Mishka recounted that he was the son of one of the Patriarchs and his concubine. He'd been born with deformities, but his mother had convinced his father to sequester him in the palace instead of killing him. Mishka had lived in isolation until the coming of the Fallen Star, causing paronoia to sweep Ivgorod. In this climate, Zhota summized that the Patriarch had ordered that Mishka be put to death, lest his purity be called into question. Thus, through the work of his mother and a few loyal servants, he was carried into the Gorgorra. Zhota could scarcely believe it, but nonetheless, continued to carry Mishka.
Master and StudentEdit
"You know the boy is not a demon."— Zhota and Akyev discuss the latter's actions(src)
""I know what the Patriarch has told me. I do not question him"
"The caravan...You killed those people."
"I did my duty."
Events came to a head as he found the Monk the bandits had been talking about7mdash;Akyev. He commented that Zhota had succeeded where he'd failed, giving his former student praise for the first time. He told Zhota that Mishka was a demon wearing the skin of a child. Mishka called Akyev the demon—lies to hide its true identity, according to Akyev. Akyev claimed that these were lies, but Zhota stated that he believed Mishka's tale. Akyev disgustedly commented that Zhota was still a boy, and gave him a second kick as Zhota claimed that the Patriarch Akyev served was no longer interested in maintaining the balance between order and chaos. It was revealed that Akyev was the one who had slaughtered the members of the caravan He scraped off the circles embodied on Zhota's forehead, stating that Zhota was no Monk. He ordered him to return to the monastery and await judgement. The two engaged in combat, Zhota once again wielding his bo against Akyev's scimitar. Akyev gained the upperhand, and was unmoved by Zhota's accusations of his brutality. For a moment, Akyev seemed to consider that Zhota was correct, that he'd been sent to kill an innocent. But only for a moment, as he swung his sword.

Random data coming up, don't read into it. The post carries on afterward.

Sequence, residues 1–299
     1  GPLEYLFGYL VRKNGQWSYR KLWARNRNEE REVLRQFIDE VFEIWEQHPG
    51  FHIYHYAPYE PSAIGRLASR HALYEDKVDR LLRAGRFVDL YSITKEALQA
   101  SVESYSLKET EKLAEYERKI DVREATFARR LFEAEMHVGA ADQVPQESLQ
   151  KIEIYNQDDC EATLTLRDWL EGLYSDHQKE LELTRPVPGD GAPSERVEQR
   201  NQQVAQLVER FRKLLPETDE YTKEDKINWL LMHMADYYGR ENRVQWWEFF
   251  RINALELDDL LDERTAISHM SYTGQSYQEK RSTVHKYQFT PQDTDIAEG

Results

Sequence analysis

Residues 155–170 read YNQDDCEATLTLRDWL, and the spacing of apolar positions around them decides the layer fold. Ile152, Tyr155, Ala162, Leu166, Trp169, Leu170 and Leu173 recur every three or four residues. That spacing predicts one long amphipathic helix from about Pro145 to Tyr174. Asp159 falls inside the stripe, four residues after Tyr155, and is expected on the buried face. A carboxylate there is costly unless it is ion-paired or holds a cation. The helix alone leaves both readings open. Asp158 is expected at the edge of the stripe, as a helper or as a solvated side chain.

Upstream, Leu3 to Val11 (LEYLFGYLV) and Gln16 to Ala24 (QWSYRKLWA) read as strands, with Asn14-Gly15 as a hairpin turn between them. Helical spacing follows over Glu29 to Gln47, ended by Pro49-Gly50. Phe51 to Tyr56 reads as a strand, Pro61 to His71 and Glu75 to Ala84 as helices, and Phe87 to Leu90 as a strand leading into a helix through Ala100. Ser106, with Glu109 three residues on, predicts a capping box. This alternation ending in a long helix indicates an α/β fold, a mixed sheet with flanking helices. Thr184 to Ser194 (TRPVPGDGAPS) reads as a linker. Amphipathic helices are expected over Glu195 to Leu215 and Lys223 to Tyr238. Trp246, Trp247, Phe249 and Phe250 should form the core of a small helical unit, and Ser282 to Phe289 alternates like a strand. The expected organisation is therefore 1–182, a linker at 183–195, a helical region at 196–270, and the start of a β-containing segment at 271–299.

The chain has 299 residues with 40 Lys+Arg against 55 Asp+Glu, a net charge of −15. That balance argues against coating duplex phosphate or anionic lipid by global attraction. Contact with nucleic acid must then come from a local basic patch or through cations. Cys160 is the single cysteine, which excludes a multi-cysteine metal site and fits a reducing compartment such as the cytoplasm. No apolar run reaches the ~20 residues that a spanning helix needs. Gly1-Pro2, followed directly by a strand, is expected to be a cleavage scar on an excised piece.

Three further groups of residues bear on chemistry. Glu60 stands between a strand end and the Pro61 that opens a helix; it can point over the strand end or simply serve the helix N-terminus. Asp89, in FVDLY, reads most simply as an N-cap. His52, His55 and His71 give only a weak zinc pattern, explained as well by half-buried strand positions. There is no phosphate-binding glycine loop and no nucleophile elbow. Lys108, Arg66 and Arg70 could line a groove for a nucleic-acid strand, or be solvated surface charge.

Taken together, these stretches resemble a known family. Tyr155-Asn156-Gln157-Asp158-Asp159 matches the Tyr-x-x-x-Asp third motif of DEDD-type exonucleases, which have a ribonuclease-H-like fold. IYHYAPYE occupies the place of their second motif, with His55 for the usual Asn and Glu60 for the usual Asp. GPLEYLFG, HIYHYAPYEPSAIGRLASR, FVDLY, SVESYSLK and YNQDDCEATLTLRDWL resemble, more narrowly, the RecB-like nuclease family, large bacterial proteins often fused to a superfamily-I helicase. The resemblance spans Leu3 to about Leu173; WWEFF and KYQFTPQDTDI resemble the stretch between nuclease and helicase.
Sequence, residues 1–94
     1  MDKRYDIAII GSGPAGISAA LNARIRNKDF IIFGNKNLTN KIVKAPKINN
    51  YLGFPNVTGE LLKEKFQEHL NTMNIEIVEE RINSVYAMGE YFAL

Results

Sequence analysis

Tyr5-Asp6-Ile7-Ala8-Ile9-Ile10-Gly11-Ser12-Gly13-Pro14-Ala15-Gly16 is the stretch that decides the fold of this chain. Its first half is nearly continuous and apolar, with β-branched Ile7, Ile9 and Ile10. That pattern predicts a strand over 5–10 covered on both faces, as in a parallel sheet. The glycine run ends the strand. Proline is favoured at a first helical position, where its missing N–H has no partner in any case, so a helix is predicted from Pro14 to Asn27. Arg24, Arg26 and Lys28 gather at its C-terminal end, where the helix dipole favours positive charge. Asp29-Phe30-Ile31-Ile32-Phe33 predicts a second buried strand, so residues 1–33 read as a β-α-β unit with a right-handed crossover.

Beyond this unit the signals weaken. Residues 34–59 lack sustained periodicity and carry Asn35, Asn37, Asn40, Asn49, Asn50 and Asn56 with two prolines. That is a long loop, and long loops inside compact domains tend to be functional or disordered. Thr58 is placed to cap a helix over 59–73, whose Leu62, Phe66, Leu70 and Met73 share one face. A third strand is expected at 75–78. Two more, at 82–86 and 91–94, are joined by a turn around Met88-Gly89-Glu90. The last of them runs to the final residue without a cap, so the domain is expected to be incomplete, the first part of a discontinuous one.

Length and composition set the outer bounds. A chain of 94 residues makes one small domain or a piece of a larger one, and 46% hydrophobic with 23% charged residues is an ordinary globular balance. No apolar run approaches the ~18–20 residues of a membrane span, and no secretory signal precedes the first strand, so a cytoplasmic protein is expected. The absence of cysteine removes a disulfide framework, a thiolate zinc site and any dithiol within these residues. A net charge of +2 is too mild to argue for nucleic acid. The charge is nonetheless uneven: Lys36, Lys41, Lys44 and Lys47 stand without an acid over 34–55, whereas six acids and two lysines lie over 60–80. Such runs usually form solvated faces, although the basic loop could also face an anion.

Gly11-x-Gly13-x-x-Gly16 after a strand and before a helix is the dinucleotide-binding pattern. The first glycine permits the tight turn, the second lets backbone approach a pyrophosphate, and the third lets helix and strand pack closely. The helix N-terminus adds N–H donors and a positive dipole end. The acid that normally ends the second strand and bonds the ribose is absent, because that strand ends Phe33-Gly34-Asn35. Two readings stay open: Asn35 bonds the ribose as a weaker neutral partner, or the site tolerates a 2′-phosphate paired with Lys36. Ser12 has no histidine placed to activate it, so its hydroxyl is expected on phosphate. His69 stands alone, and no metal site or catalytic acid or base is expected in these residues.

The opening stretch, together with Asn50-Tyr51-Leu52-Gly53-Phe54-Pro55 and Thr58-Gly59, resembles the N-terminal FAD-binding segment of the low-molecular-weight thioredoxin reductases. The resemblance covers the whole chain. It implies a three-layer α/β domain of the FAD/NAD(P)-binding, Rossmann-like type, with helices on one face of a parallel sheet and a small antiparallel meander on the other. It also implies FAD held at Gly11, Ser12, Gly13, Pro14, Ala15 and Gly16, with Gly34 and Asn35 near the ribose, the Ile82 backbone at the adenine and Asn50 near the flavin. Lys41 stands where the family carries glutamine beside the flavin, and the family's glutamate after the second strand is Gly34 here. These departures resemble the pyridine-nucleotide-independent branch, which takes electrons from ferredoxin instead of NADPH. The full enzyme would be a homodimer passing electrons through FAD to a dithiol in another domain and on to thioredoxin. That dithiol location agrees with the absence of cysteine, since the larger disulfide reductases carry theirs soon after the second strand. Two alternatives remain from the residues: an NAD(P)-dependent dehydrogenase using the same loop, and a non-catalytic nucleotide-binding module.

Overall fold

The sword was swung, but Zhota grabbed it, breaking the weapon in two. Zhota used the broken blade to decapitate his master. He played the song to Mishka, getting him to come out, revealing that it was not a demon, but a man, that had been after him, but that man was dead now. He then built a pyre to cremate his master's body. He could only hope that the Patriarch wouldn't be able to find another Monk like Akyev—one who could slaughter innocents without hesitation. He reasoned that men like Akyev were aberrations, that the Monks of Ivgorod were better than that. He led Mishka by the hand out of the clearing and turned north toward Ivgorod, intent on bringing word of everything that had transpired to his order's attention. For the first time in his life, he felt as if he truly understood what it meant to be a monk.